The Euros: how are the media coping so far?

Recent posts


When it comes to international football the English media have a bit of a problem.   For through the normal football season they are happy to cast their ire over most teams after the event for not seeing what to do before the event.

But with the internationals, the English media is normally totally pro-England, as you might expect.   And yet clearly the England team is not setting the world alight.  Indeed for many it all looks a bit below the standard that we watch in the Premier League each week.

As one who was at 18 out of the 19 Arsenal home league games last season along with the home Euro matches I would say the standard of play we are seeing at the Euros is not at Arsenal’s level.   Indeed Arsenal would beat this England team  hands down, (particularly if Saka and Rice were playing for Arsenal not England.)

And this situation is giving the media quite a problem in England.  They are 100% committed to England, just as in the league they are 100% committed to Manchester City ( at least in terms of their football if not in terms of their economics).

But really England are not that good.   So writing a load of twaddle that tells us that England are good but we the poor TV viewers simply can’t see it, which would normally be their approach, now won’t wash.

Thus someone needs to be blamed, and it is interesting to see how this plays out.  For example, The Telegraph goes with David Moyes looking like a reluctant divorcee dragged out to a wine bar.   Which is amusing but not quite the point.

Another Telegraph article however gets closer to the issue: Southgate’s ingrained conservatism did not cost England here – but it soon may,  which when you remember that is in the Telegraph, the newspaper with the most “ingtrained conservatism” of the lot, is actually quite droll.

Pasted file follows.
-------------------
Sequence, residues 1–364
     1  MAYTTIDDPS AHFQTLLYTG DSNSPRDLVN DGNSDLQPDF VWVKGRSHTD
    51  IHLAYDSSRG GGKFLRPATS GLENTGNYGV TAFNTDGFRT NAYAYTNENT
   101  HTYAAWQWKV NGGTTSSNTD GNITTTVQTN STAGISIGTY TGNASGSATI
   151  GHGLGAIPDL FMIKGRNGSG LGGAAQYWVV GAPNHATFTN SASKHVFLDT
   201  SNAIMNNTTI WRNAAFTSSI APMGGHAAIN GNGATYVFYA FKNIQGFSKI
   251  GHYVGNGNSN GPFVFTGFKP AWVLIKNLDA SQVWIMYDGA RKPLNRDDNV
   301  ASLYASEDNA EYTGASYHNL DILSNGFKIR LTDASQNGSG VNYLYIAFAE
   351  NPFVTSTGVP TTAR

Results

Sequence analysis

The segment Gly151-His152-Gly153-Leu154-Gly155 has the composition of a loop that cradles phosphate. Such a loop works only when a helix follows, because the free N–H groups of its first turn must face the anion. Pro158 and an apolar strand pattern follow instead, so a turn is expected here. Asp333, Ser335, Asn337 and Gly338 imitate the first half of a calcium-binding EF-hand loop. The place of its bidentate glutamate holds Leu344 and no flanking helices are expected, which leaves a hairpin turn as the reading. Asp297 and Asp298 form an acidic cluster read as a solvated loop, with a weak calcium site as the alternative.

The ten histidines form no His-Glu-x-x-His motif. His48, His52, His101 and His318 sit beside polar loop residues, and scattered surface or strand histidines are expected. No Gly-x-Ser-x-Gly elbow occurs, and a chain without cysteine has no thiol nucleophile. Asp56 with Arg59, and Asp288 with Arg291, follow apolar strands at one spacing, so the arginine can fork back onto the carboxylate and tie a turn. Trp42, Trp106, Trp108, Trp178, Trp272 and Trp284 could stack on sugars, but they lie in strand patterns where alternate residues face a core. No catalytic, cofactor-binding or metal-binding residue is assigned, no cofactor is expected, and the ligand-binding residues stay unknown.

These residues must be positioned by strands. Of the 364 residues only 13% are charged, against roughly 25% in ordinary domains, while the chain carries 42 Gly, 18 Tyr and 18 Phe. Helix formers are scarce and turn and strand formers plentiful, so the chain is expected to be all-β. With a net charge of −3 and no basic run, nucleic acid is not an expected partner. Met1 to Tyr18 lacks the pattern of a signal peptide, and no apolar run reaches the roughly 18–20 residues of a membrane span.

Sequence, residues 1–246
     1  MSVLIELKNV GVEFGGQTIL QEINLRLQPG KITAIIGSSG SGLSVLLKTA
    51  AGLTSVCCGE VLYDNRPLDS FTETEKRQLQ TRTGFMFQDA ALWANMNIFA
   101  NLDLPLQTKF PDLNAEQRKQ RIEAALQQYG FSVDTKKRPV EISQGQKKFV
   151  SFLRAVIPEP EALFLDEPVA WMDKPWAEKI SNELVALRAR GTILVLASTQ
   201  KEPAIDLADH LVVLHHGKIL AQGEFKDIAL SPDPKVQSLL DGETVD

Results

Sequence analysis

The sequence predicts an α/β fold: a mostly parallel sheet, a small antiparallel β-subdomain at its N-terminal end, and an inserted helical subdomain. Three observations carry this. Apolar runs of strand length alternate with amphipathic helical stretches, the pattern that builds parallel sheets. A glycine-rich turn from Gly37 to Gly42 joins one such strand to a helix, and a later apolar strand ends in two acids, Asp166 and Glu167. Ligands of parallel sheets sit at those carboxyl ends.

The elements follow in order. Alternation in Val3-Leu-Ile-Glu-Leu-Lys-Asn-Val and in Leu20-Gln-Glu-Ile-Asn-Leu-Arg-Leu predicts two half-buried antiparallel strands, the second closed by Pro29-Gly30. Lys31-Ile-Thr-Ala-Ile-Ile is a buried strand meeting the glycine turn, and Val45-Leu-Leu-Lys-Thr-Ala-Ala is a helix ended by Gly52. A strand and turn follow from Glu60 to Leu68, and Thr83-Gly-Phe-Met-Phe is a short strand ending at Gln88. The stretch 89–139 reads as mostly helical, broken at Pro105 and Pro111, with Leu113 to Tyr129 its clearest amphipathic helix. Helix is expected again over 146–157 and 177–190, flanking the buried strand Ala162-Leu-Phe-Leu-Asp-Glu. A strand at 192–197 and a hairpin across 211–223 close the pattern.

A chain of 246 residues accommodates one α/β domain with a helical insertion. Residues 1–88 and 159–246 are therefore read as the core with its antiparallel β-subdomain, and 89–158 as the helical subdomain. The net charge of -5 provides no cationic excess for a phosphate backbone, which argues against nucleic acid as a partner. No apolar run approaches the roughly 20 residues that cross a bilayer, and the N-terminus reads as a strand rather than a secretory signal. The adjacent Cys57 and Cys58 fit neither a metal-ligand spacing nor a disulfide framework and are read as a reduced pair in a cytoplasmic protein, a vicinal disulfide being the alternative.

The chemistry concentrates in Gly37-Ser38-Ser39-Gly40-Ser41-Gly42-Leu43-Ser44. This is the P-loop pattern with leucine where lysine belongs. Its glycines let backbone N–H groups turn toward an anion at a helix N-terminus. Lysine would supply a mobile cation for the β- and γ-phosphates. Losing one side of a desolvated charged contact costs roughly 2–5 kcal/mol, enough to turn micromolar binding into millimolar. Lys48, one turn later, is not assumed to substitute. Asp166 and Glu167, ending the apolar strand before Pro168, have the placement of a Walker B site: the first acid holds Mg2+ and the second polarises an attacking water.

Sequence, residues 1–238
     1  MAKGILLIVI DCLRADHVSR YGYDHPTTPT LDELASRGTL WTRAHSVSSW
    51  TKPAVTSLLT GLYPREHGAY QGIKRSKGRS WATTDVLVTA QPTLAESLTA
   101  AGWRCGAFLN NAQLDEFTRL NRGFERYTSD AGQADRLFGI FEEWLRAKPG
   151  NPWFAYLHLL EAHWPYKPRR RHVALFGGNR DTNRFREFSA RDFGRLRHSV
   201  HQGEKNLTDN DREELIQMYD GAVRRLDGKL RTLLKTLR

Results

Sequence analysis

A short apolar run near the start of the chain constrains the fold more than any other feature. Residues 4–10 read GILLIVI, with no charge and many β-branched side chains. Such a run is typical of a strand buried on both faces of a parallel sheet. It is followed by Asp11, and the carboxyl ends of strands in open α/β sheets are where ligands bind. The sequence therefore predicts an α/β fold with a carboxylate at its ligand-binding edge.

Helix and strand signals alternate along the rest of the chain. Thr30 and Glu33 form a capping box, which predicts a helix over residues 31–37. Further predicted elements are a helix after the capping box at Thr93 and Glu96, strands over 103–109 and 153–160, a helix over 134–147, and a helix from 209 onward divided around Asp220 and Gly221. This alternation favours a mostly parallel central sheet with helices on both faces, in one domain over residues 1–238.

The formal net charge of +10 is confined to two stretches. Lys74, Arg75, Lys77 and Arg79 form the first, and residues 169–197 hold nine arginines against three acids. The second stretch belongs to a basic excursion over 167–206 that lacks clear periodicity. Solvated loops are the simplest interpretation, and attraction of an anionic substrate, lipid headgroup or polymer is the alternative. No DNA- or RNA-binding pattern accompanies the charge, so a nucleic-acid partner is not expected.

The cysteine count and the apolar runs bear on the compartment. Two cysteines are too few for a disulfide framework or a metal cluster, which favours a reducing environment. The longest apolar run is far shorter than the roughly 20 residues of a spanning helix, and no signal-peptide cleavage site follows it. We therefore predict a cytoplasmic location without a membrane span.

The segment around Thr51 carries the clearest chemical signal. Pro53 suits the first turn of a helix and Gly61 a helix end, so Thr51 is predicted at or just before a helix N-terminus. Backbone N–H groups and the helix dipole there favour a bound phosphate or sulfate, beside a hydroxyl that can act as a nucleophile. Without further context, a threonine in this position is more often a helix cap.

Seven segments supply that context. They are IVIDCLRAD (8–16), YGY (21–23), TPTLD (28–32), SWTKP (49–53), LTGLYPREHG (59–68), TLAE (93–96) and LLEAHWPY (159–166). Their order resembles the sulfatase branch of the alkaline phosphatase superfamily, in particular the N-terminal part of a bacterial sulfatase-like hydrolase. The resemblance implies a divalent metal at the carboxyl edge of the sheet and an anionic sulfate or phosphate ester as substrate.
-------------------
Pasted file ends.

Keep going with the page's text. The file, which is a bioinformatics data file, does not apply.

But eventually, even the editors realise that criticising England where foreigners are involved can only go so far.  And thus they then instead speed off with “I spent the day riding trains around Germany – and it was a nightmare.”   Ah well, reality comes to everyone in the end, even journalists.

I’m not there, but from what I gather the statement,”Euro 2024 host nation’s railway system has been described as being in ‘permanent crisis’ and England fans have been among those to suffer,” is pretty much on the nail.

As for the TV coverage, again during the League season the media will rarely have a word said against it.  But these are TV pictures made by foreigners so open to all sorts of incompetence.  After all it was the English who invented television.  

And the future does not look bright

But there is an alternative approach from the Guardian which argues that “England players not fit enough to press effectively, claims Gareth Southgate”.  Apparently the squad has ‘physical limitations’.  Which is funny – I didn’t see any during the league season.

Declan Rice: however argued that the “players are putting pressure on themselves” – but really if that is the case it is up to the vast management team that England carry around with them these days to ensure that this does not happen.   Where are the psychologists – don’t say they didn’t take any!

But the Mirror has gone into utterly uncharted waters by criticising English referees with Wayne Rooney and Gary Lineker criticising Premier League officials Anthony Taylor and Stuart Attwell after a controversial VAR call as Xavi Simons was “denied a winner “

But of course it is not all fun and banter.  The Mirror tells us that “Police launch murder probe as man beaten to death inside pub after England draw.”   Did the death have anything to do with football?  It is utterly and totally appalling whatever the cause, but there’s a clear implication in the headline that football was in part to blame.